In a WhatsApp group I’m in, one man took great pleasure in Mayo’s late win over Roscommon.
“That’s the stuff for them bloggers,” he wrote. I thought that was a tad harsh on poor Willie Joe and his ilk. Or unfair on the Rossies, depending on your outlook.
Of course auto-correct was playing havoc with him and he meant to say boggers. Of course there’s more bog in Mayo than Roscommon but that’s beside the point.
Ten years ago boggers would not have been auto-corrected like that. We did not have smartphones for one. Any engagement with the internet was only done at work or by cranking up your computer at home. The latter was only possible if you had internet at home, which was nowhere near as omnipresent as it is now.
But in his home in Drumcondra, John Gunnigan was getting the wheels oiled for a beast that would become the online meeting spot for Mayo football discussions, the Mayo GAA Blog. In fact, ten years ago you were much more likely to have a chat about Mayo football in the bog than on the blog.
Anyone who spent hours of their childhood doing backbreaking work in the bog won’t lament this change.
No one could have predicted the success the Mayo GAA Blog would become in the ten years which followed. It has become the online equivalent of pulling up a stool in Mick Byrne’s in Castlebar or Inch’s in Ballinrobe of an evening and talking football with like-minded individuals. Nodding heads in agreement or arguing the contrary forcibly but all driven by a passion for the topic at hand – Mayo football.
Of course the proprietor is a hard taskmaster. If you’ve had the online equivalent of too much to drink, you’ll be brought into line and told to observe the rules of this particular house.
Where some online forums are the equivalent of a Sunday in what was the Oxegen musical festival with people struggling to stand up and talking pure gibberish, the blog is a much more refined place where people come to enjoy their chat and know where the line and the door is if they take things too far.
For that’s a huge part of the online sphere now. Some people think they can say what they like online. And, in most cases, they get away with it. Facebook has become a breeding ground for gossip and innuendo, say what you want with little regard for factual accuracy.
The same is true of many GAA forums. It’s to John’s eternal credit that the blog rises above that. I’m sure his family must curse the blog on a daily basis when he interrupts dinner or an outing to go onto the blog and moderate, put people in line and, if it comes to it, calls them a taxi and sends them home for the night.
If they hold their hands up, they might get served the next day.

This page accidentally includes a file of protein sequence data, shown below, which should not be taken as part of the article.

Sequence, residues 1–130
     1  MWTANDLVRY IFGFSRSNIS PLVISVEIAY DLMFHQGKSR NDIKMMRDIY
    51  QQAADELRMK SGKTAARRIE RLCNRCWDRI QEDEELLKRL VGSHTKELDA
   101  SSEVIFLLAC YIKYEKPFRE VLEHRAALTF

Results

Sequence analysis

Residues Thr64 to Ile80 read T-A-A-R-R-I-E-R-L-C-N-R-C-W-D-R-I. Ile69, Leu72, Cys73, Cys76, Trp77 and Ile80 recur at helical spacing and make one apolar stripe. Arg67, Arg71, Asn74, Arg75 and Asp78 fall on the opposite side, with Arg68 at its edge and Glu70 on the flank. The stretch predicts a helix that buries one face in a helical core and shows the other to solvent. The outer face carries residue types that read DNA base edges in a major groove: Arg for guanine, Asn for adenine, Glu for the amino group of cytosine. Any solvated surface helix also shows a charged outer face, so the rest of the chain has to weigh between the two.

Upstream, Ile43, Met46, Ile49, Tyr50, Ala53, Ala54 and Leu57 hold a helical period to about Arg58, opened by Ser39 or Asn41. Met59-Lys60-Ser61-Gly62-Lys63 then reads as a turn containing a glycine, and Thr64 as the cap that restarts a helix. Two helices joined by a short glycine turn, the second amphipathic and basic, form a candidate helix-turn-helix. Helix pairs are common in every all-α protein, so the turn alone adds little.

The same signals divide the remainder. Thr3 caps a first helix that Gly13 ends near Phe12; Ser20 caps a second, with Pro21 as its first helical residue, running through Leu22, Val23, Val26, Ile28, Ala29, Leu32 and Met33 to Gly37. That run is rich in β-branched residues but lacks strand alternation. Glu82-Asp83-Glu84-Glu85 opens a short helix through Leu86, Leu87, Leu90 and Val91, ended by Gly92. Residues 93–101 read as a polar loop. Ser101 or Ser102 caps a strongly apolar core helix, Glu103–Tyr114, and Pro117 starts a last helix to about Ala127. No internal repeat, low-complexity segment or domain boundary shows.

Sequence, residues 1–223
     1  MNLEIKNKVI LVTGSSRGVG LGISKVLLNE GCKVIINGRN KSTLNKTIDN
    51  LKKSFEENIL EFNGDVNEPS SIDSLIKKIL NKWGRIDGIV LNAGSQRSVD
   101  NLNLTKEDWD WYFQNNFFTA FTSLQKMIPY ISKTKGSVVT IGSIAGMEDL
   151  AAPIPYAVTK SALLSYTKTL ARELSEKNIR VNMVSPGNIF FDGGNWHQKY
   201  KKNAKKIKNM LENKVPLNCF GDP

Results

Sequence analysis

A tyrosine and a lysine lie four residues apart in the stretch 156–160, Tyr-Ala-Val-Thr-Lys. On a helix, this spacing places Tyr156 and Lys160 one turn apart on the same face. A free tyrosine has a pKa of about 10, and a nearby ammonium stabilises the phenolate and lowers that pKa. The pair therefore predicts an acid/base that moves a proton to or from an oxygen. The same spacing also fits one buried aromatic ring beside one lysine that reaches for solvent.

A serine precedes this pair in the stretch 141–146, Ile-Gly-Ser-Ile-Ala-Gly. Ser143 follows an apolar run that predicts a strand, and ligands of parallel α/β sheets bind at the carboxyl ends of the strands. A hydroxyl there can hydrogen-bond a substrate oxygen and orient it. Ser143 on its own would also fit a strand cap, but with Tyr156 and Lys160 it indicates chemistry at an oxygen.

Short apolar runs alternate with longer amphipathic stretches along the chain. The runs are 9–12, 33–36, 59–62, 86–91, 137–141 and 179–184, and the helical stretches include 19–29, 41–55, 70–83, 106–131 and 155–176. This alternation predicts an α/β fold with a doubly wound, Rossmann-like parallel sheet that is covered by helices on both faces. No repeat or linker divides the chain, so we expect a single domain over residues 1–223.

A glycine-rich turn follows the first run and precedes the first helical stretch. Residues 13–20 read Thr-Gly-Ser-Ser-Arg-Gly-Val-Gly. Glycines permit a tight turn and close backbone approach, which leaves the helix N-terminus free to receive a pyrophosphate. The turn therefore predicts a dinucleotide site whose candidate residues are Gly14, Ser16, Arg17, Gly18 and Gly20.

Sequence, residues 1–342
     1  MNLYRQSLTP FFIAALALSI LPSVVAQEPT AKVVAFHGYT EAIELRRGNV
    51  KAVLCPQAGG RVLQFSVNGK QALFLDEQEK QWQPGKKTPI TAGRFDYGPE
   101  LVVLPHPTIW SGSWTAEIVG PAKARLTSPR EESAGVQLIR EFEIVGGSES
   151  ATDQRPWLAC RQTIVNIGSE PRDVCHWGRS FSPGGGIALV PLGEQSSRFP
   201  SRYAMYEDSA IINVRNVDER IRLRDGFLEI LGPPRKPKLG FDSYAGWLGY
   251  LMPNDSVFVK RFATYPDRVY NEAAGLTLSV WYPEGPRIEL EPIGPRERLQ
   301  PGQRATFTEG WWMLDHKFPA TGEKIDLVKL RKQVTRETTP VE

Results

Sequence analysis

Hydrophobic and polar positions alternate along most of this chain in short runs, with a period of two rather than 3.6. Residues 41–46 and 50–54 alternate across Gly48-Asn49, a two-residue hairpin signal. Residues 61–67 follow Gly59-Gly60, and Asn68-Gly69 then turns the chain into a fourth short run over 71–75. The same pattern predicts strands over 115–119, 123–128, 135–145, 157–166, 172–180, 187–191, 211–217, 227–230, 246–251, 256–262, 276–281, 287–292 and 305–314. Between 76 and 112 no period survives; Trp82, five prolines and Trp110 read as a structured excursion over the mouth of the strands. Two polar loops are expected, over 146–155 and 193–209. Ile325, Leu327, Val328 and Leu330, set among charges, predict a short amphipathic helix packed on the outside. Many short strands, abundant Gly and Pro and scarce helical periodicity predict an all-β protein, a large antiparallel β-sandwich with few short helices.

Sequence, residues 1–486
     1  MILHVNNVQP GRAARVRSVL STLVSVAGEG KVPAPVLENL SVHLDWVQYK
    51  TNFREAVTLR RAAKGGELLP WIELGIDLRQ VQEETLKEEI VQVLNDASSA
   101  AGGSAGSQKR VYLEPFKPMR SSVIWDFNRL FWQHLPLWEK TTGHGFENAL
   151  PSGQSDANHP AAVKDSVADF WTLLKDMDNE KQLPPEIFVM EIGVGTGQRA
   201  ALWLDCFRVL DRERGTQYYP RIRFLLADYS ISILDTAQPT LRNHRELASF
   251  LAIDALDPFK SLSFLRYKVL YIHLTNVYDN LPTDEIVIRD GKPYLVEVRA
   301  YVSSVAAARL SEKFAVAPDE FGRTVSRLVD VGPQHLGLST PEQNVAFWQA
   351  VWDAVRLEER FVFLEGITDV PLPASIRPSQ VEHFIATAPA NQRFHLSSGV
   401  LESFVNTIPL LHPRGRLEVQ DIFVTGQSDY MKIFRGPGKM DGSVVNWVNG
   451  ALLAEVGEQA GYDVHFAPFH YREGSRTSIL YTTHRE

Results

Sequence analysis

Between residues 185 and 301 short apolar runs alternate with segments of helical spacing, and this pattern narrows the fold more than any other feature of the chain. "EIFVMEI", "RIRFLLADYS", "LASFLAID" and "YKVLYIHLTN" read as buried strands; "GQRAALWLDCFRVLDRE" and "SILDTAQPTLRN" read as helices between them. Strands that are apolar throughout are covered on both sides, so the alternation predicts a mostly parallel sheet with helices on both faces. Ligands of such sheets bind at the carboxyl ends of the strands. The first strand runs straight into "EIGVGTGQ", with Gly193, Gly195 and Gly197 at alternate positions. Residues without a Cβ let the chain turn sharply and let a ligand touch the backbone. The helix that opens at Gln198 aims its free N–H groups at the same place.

It’s why so many people go to the blog for often informed and measured commentary. You might not always agree with the comments but they might get you thinking and reflecting on your own viewpoint. That’s the beauty of proper debate. The blog is only occasionally sullied by innuendo and insults – and only until John comes along and cleans up the mess.
There’s no doubt that there are many, many fans of the blog who never comment but enjoy reading the different comments. I largely fall into that category. On busy days when there’s hundreds of comments, you simply cannot read them all and try to get a day’s work done.
So we find ourselves scanning by username. Those who have earned the right to be respected for their views over time are the ones we stop at. It could be Anne-Marie, AndyD, PJ McManus or JP, Diehard, Liam, Catcol or Pebblesmeller, John Cuffe, Hope Springs Eternal, livenhope or Jim Flag to name but a few. We rarely find ourselves agreeing with True Grit but find ourselves drawn to him or her to get a sense of the opposing view. Again, proper debate is the better for a wide range of views.
The contributions of posters from other counties is a very welcome aspect to the blog and underlines how balanced and measured the commentary tends to be. Long may that continue.
Year on year the blog has grown. Part of it has been the growth in online use. Reading comments from some posters who recall Mayo games of the Sixties and Seventies, you suspect some of them are late bloomers to computer usage and this blog must be a treasure to them.
In an era when there are concerns about social isolation, blogs like this have certainly played a part, however small, in allowing people to engage with like-minded folk.
Another reason for the growth has been the success of the Mayo senior team in recent years. Success will always bring growth and while some of us may moan about ‘Johnny come latelys’, there is something magical about a county being completely taken over by the quest for Sam.
The blog has proved a hit for us journalists too. The results archive is a treasure trove for any hack looking to find out when Keith Higgins made his debut or when was the last time Mayo played Kilkenny.
Over the years John has become a valuable contributor to the pages of The Mayo News too and we’re delighted to have him on board. His musings from the vantage point of a fan and a blogger add another layer to our coverage.
He’s been the fulcrum for a lot of new friendships too. Not just on the virtual space that is the blog, but via his informal meet-ups in Bowe’s of Fleet Street on nights before big Mayo games. Work responsibility means I’ve been an infrequent attendee at these gatherings but the one time I did go, I left after a wonderful evening talking football with like-minded strangers.
For facilitating so many new friendships, bringing so many passionate Mayo fans together on the one forum and reinforcing just how ingrained in so many lives the love for Mayo football is, we all owe John a debt.
Here’s to the next ten years and to the moment he goes into the results archive at the end of a year and enters a Mayo win for the third Sunday of September.